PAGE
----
When an Incident Strikes: Comms Best Practices

by Kim Gengler August 29, 2017 | 5 min read

As every business evolves into a digital business, and micro-moments matter more than ever to both revenue and brand equity, the need for effective communications in the face of crisis has grown. There is, of course, more pressure on the technical teams who develop and manage these services, but digital transformation is also putting pressure on other parts of the business that are focused on brand reputation and customer experience.

Enter the communications, marketing, and support teams (among others) who have a responsibility to customers to ensure they are getting the most value out of a given product or service. With this pressure comes the need for new workflows and best practices within external communication functions. Taking what we’ve learned first-hand at PagerDuty, below you’ll find four best practices that we have honed as a part of our incident response documentation and beyond.

1. Everyone is On-Call

As a member of the communications team here at PagerDuty, I find myself on-call alongside my technical colleagues and many others within the business. Although I get a fraction of the incident notifications that they do, I have a greater appreciation for why automation and having an IT incident response process is necessary for smooth operations, which keep today’s digital services humming. When something does impact customers, the communications team and other stakeholders from support, sales, legal, and leadership need to know so we can proactively take the right customer communications measures, as well as efficiently do what’s right for our brand promise when the clock is ticking. From our point of view, it is everyone’s responsibility within the organization to support our customers, and that’s why we all go on-call.

2.  Sync with Support

Our award winning support team is on the front lines of customer response when we have a major incident, but the communications team stays in lockstep with them to understand:

  • What is the incident and why has it occurred?
  • How many customers are impacted and for how long?
  • How is the incident progressing (still investigating vs. close to resolution)?

Within the incident response process, teams need a Customer Liaison, who has training on how to best communicate externally when something has gone wrong within an application or service. Our communication team works with the Customer Liaison to ensure we have an accurate understanding of what is happening and the impact. Within PagerDuty, in addition to being a part of the incident Slack channel, we automate updates with Stakeholder Engagement. We form a tight line of collaboration between the right people from these teams, working together to craft meaningful communications for customers and the broader market.

3. Be Proactive

If you’re using traditional ticketing or ITSM workflows, chances are you’ll lose the opportunity to be proactive. Your customers will know there is something wrong before you do, and you’ll have lost the opportunity to fix it before they notice or get on a public forum like social media — or the even the news. From a communications response perspective, you have to move quickly to craft external messaging so you can meet frustrated tweets and reporter calls with correct information. In this phase of incident communications, it’s critical to form the strategy for repairing reputation damage, and ideally, you can share what is being done in real-time to make the situation right. To help in proactive communication, we’ve identified possible crisis scenarios and created the workflows, and best practices around language to use based on what we’ve seen in the past. Of course, crisis scenarios are unique, but having built a foundation in peace time helps us move faster in war time when bandwidth is tight and the stress is high.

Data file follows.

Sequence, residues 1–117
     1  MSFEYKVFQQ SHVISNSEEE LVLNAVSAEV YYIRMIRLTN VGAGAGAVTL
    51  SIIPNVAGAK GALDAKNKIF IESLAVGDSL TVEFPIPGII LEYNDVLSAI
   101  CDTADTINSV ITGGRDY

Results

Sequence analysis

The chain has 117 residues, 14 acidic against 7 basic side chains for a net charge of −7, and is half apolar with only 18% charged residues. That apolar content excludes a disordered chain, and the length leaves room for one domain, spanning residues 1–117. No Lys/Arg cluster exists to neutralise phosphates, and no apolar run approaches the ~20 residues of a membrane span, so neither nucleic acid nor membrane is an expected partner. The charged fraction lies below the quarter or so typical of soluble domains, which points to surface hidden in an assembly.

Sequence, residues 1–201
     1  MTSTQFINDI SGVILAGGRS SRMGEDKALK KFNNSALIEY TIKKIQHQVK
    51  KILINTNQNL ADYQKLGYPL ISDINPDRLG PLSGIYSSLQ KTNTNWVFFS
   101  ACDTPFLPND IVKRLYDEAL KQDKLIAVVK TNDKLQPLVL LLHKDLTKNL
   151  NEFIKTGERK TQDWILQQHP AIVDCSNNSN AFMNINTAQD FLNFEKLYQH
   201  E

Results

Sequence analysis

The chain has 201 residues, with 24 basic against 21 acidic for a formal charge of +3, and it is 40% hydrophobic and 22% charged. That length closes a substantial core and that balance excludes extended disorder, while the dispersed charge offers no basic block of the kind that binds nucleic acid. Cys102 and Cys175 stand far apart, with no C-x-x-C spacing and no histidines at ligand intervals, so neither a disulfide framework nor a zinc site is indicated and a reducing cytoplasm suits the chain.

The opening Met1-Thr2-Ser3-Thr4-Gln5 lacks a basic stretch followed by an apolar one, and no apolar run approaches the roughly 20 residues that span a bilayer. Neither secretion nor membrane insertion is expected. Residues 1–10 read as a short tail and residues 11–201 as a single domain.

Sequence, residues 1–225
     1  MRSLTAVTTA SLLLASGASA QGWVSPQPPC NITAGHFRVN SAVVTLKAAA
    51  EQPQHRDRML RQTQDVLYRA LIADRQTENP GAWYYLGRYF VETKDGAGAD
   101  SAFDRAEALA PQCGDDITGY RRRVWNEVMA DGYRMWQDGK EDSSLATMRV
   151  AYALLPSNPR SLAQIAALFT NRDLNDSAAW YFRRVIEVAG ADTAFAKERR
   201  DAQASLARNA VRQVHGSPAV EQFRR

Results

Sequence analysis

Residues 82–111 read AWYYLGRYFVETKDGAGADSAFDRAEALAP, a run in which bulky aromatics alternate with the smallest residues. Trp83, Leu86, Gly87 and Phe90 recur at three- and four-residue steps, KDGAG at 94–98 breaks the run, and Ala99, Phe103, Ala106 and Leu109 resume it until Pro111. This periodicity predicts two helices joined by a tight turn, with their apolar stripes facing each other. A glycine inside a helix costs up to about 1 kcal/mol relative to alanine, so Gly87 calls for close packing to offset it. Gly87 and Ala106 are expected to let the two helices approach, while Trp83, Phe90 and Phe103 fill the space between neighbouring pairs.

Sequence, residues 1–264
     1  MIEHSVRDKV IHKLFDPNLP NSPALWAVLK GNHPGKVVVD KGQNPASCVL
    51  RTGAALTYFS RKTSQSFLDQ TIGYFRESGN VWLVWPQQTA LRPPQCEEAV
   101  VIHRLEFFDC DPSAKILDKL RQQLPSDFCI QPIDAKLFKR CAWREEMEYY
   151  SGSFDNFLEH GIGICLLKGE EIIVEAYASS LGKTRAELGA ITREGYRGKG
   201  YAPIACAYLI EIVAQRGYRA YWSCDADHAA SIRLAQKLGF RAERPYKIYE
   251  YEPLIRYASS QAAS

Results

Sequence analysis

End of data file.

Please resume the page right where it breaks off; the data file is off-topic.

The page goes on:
4. Reshape the Brand

The work of the communications team doesn’t end once the incident is resolved. Within an ideal incident management lifecycle, a major incident warrants a post-mortem analysis in which relevant stakeholders across the business who were involved discuss what happened, how the response was executed, and what can be improved moving forward. This is the time for learning and getting better. For communications teams, we must work across the organization to develop and execute a plan to renew the trust of customers and the broader community. That might mean carrying out a strategy to make good where the brand may have failed to live up to expectations. The corporate narrative will also have to be revisited and thought put into where it goes next using sound judgment. This is also the time for commitment to why you’re in business and ensuring behavior is consistent and not just talk. Action across the business may be necessary to turn a wrong into a right.  

In today’s micro-moment-dominated, always-on world, communications teams, alongside other teams within the business, must be laser-focused on digital operations excellence in order to be successful. This means a different kind of vigilance, but it also means a new way of working and collaborating across functions with the unified goal in mind of delivering exceptional customer experiences.

At PagerDuty Summit, taking place on September 7th in San Francisco, we’ll continue to explore what whole-business response means in the digital era, with leaders from all parts of the organization discussing how they protect revenue, brand reputation, and customer experience with digital operations management best practices. You won’t won’t want to miss it — join us at PagerDuty Summit by registering today!